“‘Talkies’ at cinema: New theatre installs The Apparatus” ran the headline in the South China Morning Post on March 7, 1930. “Talking films are to be reproduced at another local cinema theatre, the Central Theatre now being installed with the necessary apparatus,” the story continued.

“On Queen’s Road Central, near the site of the old Fire Station Building,” the theatre was described as an “imposing building” with a dress circle, stalls, a pit and gallery that could accommodate more than 1,400 spectators. Talkies had arrived in Hong Kong a few months earlier and the new theatre, set to open on June 14, would show American productions as well as Chinese musical plays.

Owned by a “Chinese Gentleman”, Central Theatre had been built specifically for sound productions and was installed with “the latest Western Electric Sound Equipment […] used by first-class cinemas in the United States”.

“Well situated in the heart of the city,” the theatre was constructed to withstand the rigours of the Hong Kong summer as well as rushing crowds, the fireproof building having a lift service and street-exits on every floor.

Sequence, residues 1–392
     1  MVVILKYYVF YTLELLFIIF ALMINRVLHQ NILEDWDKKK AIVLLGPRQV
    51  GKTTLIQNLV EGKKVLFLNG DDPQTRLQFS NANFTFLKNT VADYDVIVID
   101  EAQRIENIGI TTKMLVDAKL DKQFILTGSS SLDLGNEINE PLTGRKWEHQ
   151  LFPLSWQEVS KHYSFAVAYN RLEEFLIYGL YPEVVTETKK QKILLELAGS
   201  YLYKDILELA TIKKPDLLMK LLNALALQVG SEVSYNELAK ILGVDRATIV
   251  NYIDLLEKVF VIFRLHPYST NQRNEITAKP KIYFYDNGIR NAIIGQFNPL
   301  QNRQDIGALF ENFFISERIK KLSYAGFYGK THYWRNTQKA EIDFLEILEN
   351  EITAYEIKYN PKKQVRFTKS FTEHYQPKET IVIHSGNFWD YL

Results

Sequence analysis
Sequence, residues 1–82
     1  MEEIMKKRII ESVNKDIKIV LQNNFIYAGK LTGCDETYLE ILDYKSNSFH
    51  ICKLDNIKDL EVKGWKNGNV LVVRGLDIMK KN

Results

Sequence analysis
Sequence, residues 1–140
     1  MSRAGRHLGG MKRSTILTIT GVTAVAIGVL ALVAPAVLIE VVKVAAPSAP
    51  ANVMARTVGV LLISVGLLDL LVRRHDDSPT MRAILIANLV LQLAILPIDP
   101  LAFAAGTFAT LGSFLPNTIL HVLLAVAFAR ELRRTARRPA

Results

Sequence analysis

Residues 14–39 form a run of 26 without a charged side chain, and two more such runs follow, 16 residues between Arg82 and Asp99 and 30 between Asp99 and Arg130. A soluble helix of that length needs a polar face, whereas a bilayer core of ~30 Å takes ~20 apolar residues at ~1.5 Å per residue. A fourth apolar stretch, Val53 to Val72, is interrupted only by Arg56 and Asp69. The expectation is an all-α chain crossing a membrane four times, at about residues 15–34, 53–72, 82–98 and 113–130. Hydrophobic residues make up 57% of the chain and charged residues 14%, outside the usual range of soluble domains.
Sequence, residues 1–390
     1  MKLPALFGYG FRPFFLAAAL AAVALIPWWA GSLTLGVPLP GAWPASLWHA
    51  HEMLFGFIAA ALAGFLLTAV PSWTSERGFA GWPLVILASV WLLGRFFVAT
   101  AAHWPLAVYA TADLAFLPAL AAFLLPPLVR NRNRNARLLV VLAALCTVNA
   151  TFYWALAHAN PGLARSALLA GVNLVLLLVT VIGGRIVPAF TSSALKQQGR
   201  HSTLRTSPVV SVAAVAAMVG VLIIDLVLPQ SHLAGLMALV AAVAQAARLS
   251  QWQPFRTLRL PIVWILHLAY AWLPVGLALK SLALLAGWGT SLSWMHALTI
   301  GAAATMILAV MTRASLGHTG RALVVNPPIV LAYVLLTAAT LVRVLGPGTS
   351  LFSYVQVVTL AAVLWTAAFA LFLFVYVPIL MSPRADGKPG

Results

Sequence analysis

“The Theatre will show, besides special pictures of other com­panies, all Paramount’s 1930 sound produc­tions, which contain many big attractions,” reported the Post on March 18, 1930.

Ernst Lubitsch’s The Love Parade, starring Maurice Chevalier, would open the theatre, the Post reported on May 21. The “all talking, singing, and musical romance” had broken box office records in Shanghai and seats had sold for $11 in New York. Prices in Hong Kong would range from 50 cents to HK$1.50.

“Crowded houses were the order of the day when the Central Theatre [...] opened on Saturday,” the Post reported on June 16, 1930, two days after the grand opening.

The theatre would entertain cinema-goers for the next 41 years until, on March 24, 1971, the Post reported “Sun Hung Kai Enterprises Co Ltd has bought the Central Theatre building […] for slightly under $4 million.”

On June 11, under the headline “Central Landmark to Go”, the Post reported that the theatre was set to be demolished and would be replaced by a “22-storey domestic and commercial building”.

The site, at 270 Queen’s Road Central, is now occupied by the Central Mansion block.